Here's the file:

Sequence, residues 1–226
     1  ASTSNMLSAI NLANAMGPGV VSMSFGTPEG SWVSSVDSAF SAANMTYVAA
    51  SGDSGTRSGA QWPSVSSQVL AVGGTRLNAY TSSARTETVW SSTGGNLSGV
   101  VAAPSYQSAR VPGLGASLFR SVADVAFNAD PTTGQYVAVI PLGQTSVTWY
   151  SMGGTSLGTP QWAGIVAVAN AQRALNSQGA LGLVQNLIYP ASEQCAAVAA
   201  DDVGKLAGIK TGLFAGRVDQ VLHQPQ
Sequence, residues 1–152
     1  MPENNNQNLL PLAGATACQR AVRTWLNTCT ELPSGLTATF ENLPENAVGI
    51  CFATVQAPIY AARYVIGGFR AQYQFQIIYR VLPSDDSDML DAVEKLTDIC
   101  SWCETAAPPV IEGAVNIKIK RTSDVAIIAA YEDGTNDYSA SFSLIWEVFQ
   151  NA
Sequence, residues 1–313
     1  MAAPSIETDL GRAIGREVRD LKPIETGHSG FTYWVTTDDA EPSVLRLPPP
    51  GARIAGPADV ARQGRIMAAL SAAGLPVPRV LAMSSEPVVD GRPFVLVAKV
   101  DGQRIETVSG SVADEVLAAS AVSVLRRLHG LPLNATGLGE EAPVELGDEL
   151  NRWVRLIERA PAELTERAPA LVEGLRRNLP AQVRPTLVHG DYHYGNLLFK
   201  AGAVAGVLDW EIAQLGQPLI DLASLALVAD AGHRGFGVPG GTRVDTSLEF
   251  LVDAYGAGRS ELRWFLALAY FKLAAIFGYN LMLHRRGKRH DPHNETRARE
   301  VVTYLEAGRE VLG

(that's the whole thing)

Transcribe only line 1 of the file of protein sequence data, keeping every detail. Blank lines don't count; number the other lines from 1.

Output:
Sequence, residues 1–226